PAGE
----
Exceptional Examples of Email Capture Form Popups


Exceptional Examples of Email Capture Form Popups 

Capturing emails is an essential facet of email marketing. The more email addresses you get people to voluntarily submit, the more people will happily receive your email campaigns.

This should, ultimately, lead to a vastly superior return from your email marketing.

People use various methods to add to their address book, such as manually collecting email addresses at events, asking for them in person at the till in a shop, offering discounts on social media in return for signups etc.

However, social media expert Dan Zarrella’s research is extremely interesting. Zarrella firmly believes in websites using email capture form popups, giving people an upfront option to subscribe.

urban data capture

Some people are quick to scoff at popup boxes. Sure, they conjure up images of the darkest days of the internet, but we’re not talking mid-90′s spam bombardment here.

This article looks at the variety of clever, modern email capture form popup boxes that see people subscribing in their droves.

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Hot App Uber’s Cool Ice Cream Campaign


The controversial taxi app Uber has today launched an ice cream promotion around the globe.

It’s another in a series of very clever PR moves from the company who rocketed into the public consciousness with their black taxi strike stunt in June.

Yesterday, I received this email from the company:

uber ice cream

At around the same time as the above email screen shot, with well-planned cross-channel marketing, Uber announced on Twitter what was going on:

While the ferocious storms last night might have shaken Southern England, that doesn’t look set to dampen today’s impending heat-wave. Temperatures in London are expected to hit up to 31 degrees Celsius, making it the hottest day of 2014 so far.

Uber have creatively found a perfect way to take advantage of the fierce summer sun, using it for brand awareness, public good will and a load of positive column inches.

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Three are Sorry for all the Holiday Spam


Earlier in the week the mobile phone network Three launched a brilliant advertising campaign called Stop Holiday Spam, created by the agency Wieden+Kennedy London.


The premise and delivery of the ad is bold, as a balding newsreader-type asks the nation to forgive Three for unleashing a barrage of social media holiday-bragging.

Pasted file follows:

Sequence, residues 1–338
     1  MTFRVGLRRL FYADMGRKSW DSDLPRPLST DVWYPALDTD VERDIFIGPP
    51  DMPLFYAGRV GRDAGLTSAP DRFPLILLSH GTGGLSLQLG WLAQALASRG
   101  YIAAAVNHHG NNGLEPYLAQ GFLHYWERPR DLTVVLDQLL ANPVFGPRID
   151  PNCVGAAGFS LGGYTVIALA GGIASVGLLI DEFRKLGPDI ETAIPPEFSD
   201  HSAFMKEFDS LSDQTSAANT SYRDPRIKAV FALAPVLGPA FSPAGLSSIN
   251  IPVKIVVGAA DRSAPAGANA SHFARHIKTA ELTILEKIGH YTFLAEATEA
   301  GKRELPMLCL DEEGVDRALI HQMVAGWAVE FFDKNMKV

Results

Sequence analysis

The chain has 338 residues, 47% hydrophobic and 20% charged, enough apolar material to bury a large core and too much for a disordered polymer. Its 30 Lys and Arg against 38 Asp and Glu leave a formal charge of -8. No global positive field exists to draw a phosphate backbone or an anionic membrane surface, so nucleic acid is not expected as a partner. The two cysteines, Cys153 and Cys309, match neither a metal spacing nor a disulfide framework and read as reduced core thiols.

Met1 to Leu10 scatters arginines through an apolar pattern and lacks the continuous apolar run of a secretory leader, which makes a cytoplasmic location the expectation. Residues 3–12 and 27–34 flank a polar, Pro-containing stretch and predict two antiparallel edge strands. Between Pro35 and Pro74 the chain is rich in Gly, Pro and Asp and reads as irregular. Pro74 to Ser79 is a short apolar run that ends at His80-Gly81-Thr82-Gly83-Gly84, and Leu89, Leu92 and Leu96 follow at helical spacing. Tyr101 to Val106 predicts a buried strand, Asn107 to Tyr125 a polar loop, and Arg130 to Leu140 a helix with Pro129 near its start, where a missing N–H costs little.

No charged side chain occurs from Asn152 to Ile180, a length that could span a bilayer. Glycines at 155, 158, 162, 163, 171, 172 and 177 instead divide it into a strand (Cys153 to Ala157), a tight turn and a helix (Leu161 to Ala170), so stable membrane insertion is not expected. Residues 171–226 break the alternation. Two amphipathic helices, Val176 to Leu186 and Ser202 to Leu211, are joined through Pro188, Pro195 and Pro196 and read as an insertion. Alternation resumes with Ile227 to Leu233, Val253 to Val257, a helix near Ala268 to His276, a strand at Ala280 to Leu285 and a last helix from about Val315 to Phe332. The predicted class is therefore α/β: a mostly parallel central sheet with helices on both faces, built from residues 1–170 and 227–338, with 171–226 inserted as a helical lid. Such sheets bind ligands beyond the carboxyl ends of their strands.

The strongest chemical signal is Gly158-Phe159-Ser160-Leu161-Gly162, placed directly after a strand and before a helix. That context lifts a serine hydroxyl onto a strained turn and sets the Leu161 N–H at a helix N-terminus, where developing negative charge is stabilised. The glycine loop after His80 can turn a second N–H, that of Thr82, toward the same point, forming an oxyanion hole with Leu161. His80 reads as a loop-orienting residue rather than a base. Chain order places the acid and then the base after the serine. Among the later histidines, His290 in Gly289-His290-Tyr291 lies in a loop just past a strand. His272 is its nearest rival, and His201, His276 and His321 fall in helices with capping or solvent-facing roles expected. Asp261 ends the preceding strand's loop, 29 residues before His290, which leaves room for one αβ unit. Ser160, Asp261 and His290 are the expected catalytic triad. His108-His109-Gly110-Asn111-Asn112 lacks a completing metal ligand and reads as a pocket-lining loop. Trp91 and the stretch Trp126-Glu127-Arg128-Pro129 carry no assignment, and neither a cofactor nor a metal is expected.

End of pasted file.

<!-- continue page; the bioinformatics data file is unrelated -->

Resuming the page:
You see, it’s all Three’s fault.

They now allow “customers to use their phones in 16 destinations worldwide, like they would at home”, with “no extra cost for calling and texting back home. No extra cost for data”. And because of their generosity, us Brits are bombarded with photos, posts and tweets of sunsets, infinity pools, street food and “plane wing after plane wing”.

When I first saw the ad my TV was droning on in the background. I stopped, looked up from my laptop and paid attention – which is an impressive feat.

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Make the Most of Personalisation in Email



Personalisation is a core advantage of email marketing.

To put it in the simplest terms possible, it means a message begins with the name of the recipient. Whether that’s their first name, last name, salutation or any other field in your database.

The beauty of this is that it works whether you’re sending to a thousand, ten thousand or ten million people – as long as your database is sorted properly.

However, no matter how clever the technology is, you have to use email marketing’s personalisation tools well to get the most out of them. Which is why Forfront’s email marketing tip of the month for July is all about making the most from personalisation in email.

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Email Campaign of the Month: De Rigo – July 2014


Thousands of campaigns have been sent on the e-shot™ system this month. After looking through them carefully, we eventually agreed on a very worthy winner. Like everything else on this blog (and in the world) at the moment, it’s World Cup themed.

Without further ado, the July award for Email Campaign of the Month goes to…
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The 10 Worst World Cup Adverts 2014


It’s finally, finally, finally here! The 2014 FIFA World Cup is in full flow.


Image: source.

With half of the games on ITV it’s more than likely you’ve been exposed to an awful lot of football-themed advertising already – in between Adrian Chiles and Lee Dixon discussing dubious refereeing decisions, melting in the heat and pretending to understand Fabio Cannavaro.


Image: source.